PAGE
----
address the problem.
In a nutshell, the general problem is that, due largely to packing of more and more material into the degree
program as the discipline matures and continues to grow exponentially, CS student no longer get nearly as much
exposure to guided hands-on experiences. Instead, they are left to fend for themselves, i.e., to learn --- , as computer
science continues to grow explosively, the discipline matures, and more and more must be packed into a 4-year
curriculum, CS curriculums have necessarily evolved towards a stronger focus on computer science theory and
principles, with less coverage of practical basics, e.g., hands-on programming. This is normal and appropriate in a
maturing discipline…but curriculums must be adapted accordingly. Specifically, we have come to realize that the
coverage of practical hands-on programming that has been gradually displaced by increased focus on early object-
oriented design, software engineering, and other more theoretical topics required in our evolving discipline, must
somehow be accounted for; it is the fact that this guided practical exposure has simply been dropped that DFW rates
have climbed so high among CS freshmen. The bottom line is that the basic programming skills that are one of several
key outcomes of the freshman year can not be effectively taught without closer attention to guided hands-on
Given these insights, we feel that the solution, as in so many other scientific disciplines, is to add required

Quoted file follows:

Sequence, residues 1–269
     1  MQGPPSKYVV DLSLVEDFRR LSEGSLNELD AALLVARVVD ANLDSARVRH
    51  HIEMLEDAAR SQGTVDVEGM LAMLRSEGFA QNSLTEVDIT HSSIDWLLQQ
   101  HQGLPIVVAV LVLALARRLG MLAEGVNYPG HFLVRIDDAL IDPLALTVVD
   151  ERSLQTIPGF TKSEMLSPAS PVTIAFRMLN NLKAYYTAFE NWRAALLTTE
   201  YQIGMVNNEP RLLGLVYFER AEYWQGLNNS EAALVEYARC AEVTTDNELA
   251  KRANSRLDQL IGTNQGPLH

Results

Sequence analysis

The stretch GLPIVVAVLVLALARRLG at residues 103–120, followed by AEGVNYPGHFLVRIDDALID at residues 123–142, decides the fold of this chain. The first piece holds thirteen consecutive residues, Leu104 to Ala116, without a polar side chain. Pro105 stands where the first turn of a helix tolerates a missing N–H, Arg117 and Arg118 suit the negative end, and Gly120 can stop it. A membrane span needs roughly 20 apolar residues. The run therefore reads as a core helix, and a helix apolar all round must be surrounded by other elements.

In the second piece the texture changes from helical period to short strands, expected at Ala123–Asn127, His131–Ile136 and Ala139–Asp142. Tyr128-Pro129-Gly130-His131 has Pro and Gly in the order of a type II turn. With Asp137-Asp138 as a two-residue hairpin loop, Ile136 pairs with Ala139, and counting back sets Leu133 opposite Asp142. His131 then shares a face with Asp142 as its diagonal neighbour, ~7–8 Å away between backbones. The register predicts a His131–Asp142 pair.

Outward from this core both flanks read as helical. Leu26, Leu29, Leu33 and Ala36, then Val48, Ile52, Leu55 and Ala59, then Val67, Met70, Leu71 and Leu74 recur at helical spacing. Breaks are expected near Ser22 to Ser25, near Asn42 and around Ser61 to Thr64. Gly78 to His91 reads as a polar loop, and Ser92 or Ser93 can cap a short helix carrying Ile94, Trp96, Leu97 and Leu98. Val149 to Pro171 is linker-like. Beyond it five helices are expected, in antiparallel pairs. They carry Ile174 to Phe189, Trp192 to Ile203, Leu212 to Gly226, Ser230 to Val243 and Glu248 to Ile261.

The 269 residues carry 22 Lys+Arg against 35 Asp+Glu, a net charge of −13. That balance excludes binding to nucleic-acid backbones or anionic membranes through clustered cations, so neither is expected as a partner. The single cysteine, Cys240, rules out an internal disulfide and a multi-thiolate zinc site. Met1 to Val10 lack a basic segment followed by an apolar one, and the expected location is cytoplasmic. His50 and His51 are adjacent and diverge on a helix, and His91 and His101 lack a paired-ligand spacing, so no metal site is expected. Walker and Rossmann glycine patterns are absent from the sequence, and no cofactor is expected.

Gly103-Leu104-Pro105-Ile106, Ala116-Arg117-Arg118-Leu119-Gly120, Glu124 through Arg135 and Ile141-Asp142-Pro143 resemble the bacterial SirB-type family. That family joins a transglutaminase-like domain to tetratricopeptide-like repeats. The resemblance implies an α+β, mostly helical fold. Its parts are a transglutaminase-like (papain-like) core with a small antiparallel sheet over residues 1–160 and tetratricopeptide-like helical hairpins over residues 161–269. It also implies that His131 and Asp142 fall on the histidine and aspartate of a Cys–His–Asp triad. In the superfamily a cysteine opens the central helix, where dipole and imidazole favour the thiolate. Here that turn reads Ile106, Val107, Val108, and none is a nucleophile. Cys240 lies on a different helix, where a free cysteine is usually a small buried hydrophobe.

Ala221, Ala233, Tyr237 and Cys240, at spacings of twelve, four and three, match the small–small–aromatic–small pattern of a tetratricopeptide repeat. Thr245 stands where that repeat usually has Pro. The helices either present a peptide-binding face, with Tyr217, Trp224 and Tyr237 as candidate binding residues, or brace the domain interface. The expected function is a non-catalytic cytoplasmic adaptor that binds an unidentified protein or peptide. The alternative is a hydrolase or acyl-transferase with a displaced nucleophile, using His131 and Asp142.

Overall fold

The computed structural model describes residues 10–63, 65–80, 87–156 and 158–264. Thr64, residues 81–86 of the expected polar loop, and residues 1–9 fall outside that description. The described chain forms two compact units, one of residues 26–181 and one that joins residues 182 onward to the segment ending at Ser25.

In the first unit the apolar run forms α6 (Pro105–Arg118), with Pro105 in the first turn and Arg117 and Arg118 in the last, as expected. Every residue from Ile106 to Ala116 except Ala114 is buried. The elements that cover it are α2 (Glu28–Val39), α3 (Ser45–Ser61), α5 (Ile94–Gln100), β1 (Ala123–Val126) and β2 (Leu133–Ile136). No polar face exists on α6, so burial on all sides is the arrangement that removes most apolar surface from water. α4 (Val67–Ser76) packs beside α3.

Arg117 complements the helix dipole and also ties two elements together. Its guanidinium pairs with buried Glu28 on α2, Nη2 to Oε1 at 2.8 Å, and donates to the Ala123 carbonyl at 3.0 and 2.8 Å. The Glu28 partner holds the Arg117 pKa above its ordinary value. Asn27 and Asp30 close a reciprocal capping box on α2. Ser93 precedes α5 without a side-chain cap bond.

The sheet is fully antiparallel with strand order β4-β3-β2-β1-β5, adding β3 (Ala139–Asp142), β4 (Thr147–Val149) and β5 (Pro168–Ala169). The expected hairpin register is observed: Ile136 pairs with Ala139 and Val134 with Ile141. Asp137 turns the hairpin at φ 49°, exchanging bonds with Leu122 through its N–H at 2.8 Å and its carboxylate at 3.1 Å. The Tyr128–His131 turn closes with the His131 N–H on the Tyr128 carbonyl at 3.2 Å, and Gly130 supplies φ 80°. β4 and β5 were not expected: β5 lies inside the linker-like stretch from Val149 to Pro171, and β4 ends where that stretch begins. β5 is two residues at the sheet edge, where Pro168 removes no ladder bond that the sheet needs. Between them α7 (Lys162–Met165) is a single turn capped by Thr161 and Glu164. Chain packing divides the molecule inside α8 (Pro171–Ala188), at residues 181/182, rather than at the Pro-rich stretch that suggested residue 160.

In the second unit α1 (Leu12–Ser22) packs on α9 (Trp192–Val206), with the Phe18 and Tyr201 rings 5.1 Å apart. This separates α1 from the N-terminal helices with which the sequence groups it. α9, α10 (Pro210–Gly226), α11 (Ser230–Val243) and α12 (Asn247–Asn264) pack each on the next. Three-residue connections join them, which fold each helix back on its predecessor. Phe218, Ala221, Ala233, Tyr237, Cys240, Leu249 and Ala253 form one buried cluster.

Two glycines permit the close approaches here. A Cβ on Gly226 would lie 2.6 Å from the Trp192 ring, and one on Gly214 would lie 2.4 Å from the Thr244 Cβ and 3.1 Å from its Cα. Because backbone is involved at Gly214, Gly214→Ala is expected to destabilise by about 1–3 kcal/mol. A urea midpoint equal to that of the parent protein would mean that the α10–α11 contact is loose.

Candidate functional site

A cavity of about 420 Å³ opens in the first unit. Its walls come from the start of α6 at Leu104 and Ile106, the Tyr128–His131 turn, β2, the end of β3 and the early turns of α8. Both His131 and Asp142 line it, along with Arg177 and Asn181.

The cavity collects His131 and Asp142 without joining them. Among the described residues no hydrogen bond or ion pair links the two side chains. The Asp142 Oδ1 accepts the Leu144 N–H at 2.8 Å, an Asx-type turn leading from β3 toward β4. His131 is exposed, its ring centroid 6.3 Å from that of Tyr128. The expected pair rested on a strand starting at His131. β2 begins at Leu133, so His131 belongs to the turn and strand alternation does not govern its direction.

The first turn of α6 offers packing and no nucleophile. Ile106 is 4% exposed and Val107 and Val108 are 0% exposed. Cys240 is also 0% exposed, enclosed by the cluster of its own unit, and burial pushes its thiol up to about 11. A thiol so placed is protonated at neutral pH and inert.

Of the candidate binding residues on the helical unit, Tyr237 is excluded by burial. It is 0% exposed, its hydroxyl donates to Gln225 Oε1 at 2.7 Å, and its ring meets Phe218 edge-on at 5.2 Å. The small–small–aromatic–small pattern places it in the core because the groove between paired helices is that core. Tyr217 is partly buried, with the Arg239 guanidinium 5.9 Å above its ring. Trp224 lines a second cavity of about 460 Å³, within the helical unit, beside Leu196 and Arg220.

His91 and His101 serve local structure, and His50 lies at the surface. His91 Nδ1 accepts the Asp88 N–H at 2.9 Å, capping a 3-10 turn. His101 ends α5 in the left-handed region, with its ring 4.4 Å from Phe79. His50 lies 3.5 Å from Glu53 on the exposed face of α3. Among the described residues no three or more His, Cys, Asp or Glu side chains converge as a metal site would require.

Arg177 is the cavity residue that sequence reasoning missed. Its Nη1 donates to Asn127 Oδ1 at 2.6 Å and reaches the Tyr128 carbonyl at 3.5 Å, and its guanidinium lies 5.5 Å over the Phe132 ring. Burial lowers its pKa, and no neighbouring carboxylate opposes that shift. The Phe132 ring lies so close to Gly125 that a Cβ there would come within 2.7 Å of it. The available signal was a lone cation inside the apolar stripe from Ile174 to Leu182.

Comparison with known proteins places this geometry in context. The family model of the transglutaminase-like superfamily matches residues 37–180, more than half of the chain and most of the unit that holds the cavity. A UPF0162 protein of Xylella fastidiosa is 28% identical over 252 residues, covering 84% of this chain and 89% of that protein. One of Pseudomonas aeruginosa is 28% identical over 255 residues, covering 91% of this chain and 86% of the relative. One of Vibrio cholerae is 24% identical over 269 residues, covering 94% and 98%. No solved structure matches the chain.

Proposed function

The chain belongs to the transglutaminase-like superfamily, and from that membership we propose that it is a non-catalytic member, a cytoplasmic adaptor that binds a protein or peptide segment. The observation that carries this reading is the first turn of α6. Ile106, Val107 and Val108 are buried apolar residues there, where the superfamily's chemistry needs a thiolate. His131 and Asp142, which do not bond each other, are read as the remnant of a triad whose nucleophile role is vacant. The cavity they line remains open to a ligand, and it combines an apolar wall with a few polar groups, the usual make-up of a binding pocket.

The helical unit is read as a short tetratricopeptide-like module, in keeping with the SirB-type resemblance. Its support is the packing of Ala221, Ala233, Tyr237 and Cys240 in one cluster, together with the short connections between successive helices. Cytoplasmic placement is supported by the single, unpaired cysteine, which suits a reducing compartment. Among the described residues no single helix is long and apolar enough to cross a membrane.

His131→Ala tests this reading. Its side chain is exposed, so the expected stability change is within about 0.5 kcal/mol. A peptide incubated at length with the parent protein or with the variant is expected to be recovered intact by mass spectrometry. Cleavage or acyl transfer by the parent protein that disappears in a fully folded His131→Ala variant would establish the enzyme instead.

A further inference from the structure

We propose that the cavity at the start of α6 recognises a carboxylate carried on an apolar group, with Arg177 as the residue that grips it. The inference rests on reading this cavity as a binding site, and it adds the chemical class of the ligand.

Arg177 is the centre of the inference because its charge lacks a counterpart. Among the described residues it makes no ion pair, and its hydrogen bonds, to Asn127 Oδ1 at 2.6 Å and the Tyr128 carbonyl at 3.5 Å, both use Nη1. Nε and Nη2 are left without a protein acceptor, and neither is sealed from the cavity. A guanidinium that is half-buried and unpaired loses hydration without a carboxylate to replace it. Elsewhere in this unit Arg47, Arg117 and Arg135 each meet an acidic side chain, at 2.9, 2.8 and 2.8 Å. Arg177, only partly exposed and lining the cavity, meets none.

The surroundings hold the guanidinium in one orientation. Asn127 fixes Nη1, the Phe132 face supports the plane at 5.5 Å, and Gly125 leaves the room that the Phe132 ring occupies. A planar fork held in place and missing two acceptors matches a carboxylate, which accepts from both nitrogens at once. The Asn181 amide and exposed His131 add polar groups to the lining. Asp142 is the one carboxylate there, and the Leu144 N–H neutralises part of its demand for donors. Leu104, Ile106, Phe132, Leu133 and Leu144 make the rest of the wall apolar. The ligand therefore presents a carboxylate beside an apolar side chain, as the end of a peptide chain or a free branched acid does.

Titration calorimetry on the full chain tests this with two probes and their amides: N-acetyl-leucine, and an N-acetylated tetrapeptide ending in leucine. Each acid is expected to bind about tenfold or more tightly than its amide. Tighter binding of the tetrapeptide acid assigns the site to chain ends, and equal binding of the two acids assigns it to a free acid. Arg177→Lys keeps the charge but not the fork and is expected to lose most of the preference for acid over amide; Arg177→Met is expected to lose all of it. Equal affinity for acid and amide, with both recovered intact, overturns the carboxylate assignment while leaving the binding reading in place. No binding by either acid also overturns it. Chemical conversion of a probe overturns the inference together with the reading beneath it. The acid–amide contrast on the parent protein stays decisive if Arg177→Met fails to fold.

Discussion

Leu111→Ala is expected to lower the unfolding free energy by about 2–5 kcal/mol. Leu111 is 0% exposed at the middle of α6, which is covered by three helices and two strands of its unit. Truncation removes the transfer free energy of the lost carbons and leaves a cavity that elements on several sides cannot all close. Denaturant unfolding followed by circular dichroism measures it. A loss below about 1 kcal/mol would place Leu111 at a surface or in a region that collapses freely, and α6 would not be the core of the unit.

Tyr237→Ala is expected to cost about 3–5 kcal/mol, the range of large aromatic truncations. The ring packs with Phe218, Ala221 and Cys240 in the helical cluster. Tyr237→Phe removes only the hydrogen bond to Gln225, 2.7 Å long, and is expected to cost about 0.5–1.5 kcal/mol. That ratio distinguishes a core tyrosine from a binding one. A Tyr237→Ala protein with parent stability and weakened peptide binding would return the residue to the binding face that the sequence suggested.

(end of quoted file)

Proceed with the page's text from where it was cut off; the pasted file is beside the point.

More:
laboratory sections to the introductory courses; this is where the hands-on practical exposure displaced from the
courses over the years must appear. This represents a maturing of our discipline, and is no different than the approach
taken in other sciences: it is long-established practice to require physics and chemistry students who learn about
principles in the class to exercise those principles in lab. Similarly, electrical engineering students learning circuit
theory explore the reality of actual circuits in labs. The curricular modifications requested here reflect a national
recognition and trend towards a similar model in computer science.
In sum, we are requesting to add laboratory sections to our two-course introductory sequence, resulting in the
following curricular changes:
Program change to BSBS/BSACS. Both require CS126/136 and must thus be changed to show the required
lab as a program requirement.
Addition of CS126L and CS136L. Create the new lab sections, as co-requisites tightly tied to the lecture. The
intent is that anyone taking the course must also take the lab. Exceptions may be granted on an individual
basis to students from other majors (that don’t choose to require the lab in their programs) or students having
passed the lab but not the class on a previous attempt.
Deletion of CS126R. This recitation was a preceding attempt to solve this problem at lowest possible cost.
While it showed promise, it is clear that students need more than 1-hour a week of practical exposure to
succeed. Thus, this recitation is essentially replaced by the CS126L.
In sum, we feel that this change is key in our efforts to improve retention and student success in our freshman
sequence. We have already invested substantially in this sequence with our new CS110 “preparatory” course (which is
showing some early success); this change will complete our restructuring of this challenging introductory year of
computer science study.
Department Chair/ Unit Head (if appropriate)/ Date
Chair of college curriculum committee/Date
Dean of college/Date
For Committee use only
For University Curriculum Committee/Date
taken: approved as submitted approved as modified